you can also expect to decrease your air-conditioning use!) Additionally, fluorescent lights need time to warm up.
While today’s technology has led to the development of florescent bulbs that warm up rapidly,
they still suffer from a delay in reaching maximum illumination.
LEDs reach full illumination immediately,
meaning energy is not wasted on bringing the lamp up to the required temperature
to produce mercury gas-based UV radiation.
Because lighting accounts for almost 40% of your entire power bill,
every second you can cut down on powering light fixtures means money you save.
Based on the direction, loss of heat, and reflection reductions –
LED lights provide almost 70% more light when supplied with the same amount of energy as a fluorescent tube.
When it comes to linear LED vs linear fluorescent lamp maintenance, LEDs again take the lead.
Fluorescent tubes typically last between 3 and 5 years.
However, because the internal ballast is rather fragile,
should that component be damaged in any way, the lamp will no longer work. Should the ballast not be damaged,
a fluorescent tube shows signs of light degradation as it nears the end of its lifespan.
As the tube begins to die, the ends will blacken and the light will flicker,
which can cause health issues for those exposed to it.
(Headaches, migraines, eye issues, and epileptic seizures are just some of the potential concerns.)
LEDs, however, last between 50,000 and 100,000 hours.
Made of more robust materials and a simple solid-state diode assembly,
LEDs are extremely durable and can withstand much more abuse and vibration than fluorescent lamps can.
In fact, some linear LED manufacturers are so confident in their durability,
they even offer a 10-year warranty on their lamps.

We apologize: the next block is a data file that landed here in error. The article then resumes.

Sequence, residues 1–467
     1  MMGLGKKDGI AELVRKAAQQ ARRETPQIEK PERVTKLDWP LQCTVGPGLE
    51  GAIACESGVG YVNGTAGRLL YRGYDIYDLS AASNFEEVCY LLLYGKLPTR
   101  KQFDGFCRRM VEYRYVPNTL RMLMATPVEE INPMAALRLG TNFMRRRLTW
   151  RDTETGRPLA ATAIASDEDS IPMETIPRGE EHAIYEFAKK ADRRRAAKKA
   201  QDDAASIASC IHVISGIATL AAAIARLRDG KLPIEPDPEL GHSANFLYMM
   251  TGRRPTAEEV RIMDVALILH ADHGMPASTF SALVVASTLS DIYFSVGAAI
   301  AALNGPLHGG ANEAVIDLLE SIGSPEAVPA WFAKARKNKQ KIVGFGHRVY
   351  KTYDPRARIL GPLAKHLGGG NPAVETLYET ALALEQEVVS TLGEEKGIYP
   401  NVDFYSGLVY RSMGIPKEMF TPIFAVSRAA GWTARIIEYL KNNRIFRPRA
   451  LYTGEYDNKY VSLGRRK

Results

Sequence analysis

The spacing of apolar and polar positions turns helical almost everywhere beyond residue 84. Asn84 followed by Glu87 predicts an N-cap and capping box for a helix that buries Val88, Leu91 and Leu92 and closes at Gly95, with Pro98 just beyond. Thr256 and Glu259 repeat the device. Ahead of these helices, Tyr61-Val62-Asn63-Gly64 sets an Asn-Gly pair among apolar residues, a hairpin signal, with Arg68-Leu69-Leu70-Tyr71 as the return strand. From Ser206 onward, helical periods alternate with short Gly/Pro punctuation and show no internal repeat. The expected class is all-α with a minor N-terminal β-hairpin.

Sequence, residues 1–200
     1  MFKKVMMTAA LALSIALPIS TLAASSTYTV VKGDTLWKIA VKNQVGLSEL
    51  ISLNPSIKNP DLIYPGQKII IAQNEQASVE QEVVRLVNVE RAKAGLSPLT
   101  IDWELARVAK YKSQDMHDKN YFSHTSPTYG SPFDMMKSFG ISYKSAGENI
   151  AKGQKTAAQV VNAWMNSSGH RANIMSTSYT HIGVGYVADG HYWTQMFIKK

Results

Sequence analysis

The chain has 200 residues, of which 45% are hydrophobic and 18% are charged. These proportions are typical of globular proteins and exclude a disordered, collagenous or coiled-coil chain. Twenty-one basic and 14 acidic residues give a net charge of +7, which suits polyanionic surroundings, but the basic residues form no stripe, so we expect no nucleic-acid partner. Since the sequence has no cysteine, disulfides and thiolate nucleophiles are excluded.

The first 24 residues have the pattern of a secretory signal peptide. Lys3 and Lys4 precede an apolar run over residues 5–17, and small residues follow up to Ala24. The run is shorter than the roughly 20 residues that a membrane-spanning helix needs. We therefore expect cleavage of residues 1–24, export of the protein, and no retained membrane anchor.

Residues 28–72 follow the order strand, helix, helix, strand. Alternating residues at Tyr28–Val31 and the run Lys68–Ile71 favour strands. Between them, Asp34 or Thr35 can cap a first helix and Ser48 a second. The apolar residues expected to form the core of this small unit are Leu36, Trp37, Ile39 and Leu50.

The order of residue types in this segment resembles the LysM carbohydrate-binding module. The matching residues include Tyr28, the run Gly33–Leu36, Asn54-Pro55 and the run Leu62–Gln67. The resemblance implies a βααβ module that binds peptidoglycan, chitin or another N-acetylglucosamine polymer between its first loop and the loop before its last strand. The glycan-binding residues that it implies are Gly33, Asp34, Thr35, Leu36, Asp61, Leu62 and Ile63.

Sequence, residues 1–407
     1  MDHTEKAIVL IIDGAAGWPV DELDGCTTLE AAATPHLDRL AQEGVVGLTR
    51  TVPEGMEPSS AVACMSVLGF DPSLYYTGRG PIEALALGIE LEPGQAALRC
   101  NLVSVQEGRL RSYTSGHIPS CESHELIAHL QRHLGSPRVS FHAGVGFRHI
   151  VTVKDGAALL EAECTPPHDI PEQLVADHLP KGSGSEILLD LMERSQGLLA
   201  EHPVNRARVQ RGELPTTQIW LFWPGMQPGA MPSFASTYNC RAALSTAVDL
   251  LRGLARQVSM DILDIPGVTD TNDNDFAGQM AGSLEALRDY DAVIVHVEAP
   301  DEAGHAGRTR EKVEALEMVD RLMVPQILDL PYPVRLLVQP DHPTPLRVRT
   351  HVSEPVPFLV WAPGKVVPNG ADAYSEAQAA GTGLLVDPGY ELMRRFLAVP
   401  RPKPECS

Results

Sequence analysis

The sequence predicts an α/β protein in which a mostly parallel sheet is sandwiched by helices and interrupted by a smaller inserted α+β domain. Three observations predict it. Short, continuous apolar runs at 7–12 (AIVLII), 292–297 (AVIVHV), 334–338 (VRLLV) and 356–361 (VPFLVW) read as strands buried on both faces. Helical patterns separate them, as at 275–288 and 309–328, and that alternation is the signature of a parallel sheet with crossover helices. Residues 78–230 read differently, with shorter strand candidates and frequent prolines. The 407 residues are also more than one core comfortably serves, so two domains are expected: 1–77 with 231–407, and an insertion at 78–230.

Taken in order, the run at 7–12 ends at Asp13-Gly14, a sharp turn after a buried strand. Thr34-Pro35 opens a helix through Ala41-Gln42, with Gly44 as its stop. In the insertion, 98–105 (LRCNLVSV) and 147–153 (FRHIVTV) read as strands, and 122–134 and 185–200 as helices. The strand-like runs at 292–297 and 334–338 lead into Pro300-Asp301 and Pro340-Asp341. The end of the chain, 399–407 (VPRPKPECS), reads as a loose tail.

At the end of the day, whether you damage the ballast of a fluorescent tube or not,
you will need to replace it 3.5 times more often than you will need to replace an LED.
LED vs. Fluorescent Tubes Quality of Light
We have already discussed how robust an LED light is when compared to a fluorescent lamp.
However, the spectrum of light that is available from LEDs far exceeds what is available through its fluorescent counterpart.
Because of its inherent design, the entire color wheel is represented through the diodes used in an LED.
This allows it to produce all shades of color, including even the slightest variations between bright white and natural light.
Fluorescent lighting, however, utilizes the blue, green and red color wheel.
This gives the lighting an extremely artificial feel and has been known
to increase the likelihood of headaches and eye problems. Furthermore,
it can skew the colors of objects under them.
Depending on what your business does, this can be an issue.
Fluorescent lights produce between 50 and 100 lumens per watt.
By comparison, LEDs can produce roughly 130 lumens per watt.
For example, a T5HO Commercial LED tube light uses only 25 watts to produce an output of 3334 lumens.
In other words, LEDs require fewer watts to produce a brighter light.